Pope John Paul II pointed out the supernatural benefit attached to suffering, including his own Parkinson's disease, when we offer it in this way: "In bringing about the Redemption through suffering, Christ raised human suffering to the level of the Redemption. Thus each man, in his sufferings, can also become a sharer in the redemptive suffering of Christ" (Salvifici Doloris).
And why should this surprise us? We pray for each other, we do penance after we confess our sins. Offering our difficulties, frustrations, and hassles, from the trivial to the traumatic, puts our day to day experiences to work. Instead of just complaining about our less-than-perfect lives and focusing on our problems, we can turn them into efforts for good.
There are a few ways I've found that help me continually remember the value of redemptive suffering.
First, I've gotten into the habit of saying the Morning Offering. O Jesus, through the Immaculate Heart of Mary, I offer you my prayers, works, joys, and sufferings of this day for all the intentions of your Sacred Heart, in union with the Holy Sacrifice of the Mass throughout the world, for the salvation of souls, the reparation of sins, the reunion of all Christians, and in particular for the intentions of the Holy Father this month. Amen.
Second, I read everything I can on purgative suffering. This has been an education in itself, something I somehow never learned growing up as a Catholic. God allows certain sufferings in our lives to purge ourselves of selfishness and other undesirable inclinations or habits and to get us to rely on Him more. Numerous saints wrote extensively of this benefit of suffering, and it can provide relief to the depressed person in knowing he is growing spiritually more like Jesus through his trials if he offers them to God.
Third, I pray for the strength to get through the dark stretches and to never, ever give in to despair. That's right where satan wants us.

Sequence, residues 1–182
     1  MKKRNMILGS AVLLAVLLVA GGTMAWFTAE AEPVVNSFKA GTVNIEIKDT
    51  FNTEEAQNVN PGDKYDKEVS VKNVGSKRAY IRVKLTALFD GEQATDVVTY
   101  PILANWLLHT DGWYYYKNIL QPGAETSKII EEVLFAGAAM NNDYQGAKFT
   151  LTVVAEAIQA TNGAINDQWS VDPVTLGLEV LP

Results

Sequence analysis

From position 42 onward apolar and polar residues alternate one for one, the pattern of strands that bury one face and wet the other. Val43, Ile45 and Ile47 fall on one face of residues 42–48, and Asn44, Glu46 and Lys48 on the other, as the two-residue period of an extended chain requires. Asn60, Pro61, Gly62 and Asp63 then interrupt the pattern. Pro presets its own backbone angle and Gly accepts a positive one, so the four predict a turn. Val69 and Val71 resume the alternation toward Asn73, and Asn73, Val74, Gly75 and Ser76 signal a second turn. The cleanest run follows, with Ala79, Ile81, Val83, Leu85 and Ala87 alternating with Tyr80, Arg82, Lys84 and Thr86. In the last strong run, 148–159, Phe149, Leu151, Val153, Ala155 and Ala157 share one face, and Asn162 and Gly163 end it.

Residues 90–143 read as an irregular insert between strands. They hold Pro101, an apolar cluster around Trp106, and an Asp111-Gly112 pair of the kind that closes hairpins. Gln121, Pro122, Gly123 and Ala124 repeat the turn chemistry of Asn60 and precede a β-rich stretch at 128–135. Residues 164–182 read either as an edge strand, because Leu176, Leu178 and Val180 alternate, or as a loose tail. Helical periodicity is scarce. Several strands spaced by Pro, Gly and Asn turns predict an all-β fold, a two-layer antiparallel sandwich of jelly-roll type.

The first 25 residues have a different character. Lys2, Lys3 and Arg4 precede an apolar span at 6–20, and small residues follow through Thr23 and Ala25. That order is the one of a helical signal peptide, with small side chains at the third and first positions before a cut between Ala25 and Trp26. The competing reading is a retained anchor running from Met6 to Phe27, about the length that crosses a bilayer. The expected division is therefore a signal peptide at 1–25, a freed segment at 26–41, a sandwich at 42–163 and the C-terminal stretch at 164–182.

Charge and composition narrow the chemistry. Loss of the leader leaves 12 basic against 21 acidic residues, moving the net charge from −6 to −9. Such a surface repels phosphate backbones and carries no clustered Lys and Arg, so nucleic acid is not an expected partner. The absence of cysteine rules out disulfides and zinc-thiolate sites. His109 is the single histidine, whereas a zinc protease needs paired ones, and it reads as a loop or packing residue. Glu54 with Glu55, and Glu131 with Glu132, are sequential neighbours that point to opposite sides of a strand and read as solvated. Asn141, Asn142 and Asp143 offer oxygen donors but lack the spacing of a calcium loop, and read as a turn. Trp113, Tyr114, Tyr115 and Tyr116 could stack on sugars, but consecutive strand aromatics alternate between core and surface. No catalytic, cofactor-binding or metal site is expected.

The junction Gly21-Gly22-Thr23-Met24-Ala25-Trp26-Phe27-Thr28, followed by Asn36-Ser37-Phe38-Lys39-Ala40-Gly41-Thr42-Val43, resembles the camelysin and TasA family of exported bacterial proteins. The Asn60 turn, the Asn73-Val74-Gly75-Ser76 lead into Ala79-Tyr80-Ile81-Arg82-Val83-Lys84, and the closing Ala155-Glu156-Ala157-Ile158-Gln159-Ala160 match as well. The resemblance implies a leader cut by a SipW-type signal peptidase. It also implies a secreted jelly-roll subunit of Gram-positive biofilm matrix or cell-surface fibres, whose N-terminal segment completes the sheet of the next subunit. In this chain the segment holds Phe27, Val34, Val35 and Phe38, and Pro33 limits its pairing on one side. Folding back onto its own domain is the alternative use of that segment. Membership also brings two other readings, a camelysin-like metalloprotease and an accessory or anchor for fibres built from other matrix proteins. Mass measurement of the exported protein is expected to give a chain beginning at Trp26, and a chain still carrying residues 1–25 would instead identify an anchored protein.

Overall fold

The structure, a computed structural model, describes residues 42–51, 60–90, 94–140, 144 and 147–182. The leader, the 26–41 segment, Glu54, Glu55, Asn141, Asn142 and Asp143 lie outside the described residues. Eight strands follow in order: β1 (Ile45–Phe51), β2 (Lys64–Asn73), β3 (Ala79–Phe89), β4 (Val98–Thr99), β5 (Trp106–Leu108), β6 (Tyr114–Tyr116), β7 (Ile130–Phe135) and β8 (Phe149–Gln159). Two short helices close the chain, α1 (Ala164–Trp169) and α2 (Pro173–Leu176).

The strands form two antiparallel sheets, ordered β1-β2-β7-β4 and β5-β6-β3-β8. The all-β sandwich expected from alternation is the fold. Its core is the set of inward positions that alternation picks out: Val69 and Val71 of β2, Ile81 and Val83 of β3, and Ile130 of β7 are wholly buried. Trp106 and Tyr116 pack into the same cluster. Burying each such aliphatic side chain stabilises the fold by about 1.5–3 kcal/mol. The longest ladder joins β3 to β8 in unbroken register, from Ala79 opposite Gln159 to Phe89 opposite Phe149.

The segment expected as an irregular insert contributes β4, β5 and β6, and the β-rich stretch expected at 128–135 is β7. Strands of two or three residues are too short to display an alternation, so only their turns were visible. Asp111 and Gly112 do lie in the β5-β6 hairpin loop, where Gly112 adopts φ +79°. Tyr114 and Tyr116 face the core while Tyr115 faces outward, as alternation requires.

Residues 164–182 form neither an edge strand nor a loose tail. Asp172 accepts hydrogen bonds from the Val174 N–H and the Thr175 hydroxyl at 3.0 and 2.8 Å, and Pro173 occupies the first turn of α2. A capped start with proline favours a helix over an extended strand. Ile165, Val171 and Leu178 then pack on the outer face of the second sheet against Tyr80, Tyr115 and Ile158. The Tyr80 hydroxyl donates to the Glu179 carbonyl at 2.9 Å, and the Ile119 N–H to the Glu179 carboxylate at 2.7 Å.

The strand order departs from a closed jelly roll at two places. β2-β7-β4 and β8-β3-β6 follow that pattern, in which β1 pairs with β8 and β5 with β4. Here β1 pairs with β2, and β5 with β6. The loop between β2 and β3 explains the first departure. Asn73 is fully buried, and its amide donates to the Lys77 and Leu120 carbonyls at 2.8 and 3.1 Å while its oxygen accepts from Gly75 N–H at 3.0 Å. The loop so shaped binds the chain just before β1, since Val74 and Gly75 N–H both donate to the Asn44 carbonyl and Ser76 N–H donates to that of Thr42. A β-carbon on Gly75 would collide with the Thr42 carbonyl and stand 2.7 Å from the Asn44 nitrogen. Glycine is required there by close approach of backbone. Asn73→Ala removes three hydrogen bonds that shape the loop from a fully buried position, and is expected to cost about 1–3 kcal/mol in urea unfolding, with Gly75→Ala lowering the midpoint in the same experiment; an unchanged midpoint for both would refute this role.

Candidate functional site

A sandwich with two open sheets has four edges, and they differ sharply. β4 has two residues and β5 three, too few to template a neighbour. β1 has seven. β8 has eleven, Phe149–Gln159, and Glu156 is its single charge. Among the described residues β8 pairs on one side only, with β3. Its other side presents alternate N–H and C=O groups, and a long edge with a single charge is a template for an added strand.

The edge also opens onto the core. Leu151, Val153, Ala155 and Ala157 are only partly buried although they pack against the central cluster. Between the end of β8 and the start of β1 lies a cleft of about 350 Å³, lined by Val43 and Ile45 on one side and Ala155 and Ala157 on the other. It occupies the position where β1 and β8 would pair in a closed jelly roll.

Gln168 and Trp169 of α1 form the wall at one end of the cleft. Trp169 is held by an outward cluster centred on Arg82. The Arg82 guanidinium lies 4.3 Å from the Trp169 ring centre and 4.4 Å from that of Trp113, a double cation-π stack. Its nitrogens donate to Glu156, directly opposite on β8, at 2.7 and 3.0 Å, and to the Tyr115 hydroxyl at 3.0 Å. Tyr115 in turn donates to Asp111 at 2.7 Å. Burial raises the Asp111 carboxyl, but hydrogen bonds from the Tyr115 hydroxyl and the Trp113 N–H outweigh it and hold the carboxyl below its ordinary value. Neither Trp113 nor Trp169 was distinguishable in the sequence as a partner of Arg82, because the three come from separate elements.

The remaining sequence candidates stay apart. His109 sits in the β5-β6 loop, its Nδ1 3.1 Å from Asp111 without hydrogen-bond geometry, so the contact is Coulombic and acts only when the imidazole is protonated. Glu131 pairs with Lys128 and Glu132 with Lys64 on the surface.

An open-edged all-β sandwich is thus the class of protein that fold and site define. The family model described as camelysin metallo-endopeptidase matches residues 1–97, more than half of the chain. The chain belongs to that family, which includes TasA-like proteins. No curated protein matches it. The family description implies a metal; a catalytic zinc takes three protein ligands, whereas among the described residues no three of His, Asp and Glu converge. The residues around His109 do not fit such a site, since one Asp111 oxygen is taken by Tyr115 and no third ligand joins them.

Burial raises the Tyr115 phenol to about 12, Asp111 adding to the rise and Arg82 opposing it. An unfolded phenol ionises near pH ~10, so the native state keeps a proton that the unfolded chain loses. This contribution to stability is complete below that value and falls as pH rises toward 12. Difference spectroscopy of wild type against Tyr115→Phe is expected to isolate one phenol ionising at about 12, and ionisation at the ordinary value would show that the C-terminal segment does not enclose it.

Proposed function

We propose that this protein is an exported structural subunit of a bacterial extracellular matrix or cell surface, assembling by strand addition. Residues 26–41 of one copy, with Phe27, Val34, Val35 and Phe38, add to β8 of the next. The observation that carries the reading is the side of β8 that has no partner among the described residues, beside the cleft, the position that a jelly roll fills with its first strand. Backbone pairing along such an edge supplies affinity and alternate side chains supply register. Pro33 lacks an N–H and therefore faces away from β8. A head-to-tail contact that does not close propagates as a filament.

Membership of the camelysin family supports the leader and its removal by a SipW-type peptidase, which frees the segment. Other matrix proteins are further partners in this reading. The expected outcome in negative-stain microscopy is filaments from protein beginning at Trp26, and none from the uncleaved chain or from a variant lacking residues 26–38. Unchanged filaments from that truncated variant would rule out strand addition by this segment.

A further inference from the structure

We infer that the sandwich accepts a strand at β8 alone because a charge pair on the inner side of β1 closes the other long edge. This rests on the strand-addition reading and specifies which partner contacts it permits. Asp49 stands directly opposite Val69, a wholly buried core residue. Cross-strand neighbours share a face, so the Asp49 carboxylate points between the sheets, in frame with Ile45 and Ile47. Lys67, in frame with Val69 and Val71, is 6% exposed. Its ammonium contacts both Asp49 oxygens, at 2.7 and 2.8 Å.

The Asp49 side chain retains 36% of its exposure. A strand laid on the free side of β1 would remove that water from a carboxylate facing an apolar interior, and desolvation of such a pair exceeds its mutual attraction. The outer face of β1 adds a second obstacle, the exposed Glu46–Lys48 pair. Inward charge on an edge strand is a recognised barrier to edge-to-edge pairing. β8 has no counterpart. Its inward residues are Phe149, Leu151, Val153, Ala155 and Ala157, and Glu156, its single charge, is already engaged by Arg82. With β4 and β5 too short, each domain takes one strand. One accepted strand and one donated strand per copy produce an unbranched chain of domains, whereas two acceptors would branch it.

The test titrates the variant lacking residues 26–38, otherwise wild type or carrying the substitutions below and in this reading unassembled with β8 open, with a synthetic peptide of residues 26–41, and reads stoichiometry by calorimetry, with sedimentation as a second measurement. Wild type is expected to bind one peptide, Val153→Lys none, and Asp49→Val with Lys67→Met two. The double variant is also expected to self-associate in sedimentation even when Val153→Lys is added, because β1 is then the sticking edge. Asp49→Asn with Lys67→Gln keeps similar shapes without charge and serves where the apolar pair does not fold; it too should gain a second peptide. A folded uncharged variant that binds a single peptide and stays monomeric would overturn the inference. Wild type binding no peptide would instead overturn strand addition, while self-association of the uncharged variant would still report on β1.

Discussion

Fourth, I go to Adoration, regularly now, but especially when I'm struggling. I get peace there nothing else brings...even when the depression doesn't lift immediately.
For a long time I had a quote I loved by John Henry Newman hanging on my computer. One day I reread it in a new light and was struck by the idea that any desolation, any sickness or sorrow or perplexity, can serve God "because He does nothing in vain. He knows what He is about."
God has created me to do Him some definite service. He has committed some work to me which He has not committed to another. I have my mission. I may never know it in this life, but I shall be told it in the next. I am a link in a chain, a bond of connection between persons.
He has not created me for naught. I shall do good; I shall do His work.
I shall be an angel of peace, a preacher of truth in my own place,
while not intending it if I do but keep His commandments.
Therefore, I will trust Him, whatever I am, I can never be thrown away. If I am in sickness, my sickness may serve Him, in perplexity, my perplexity may serve Him. If I am in sorrow, my sorrow may serve Him. He does nothing in vain. He knows what He is about. He may take away my friends. He may throw me among strangers. He may make me feel desolate, make my spirits sink, hide my future from me. Still, He knows what He is about.
Now when I'm hit with a bout of depression, I immediately remind myself, "this too can serve Him."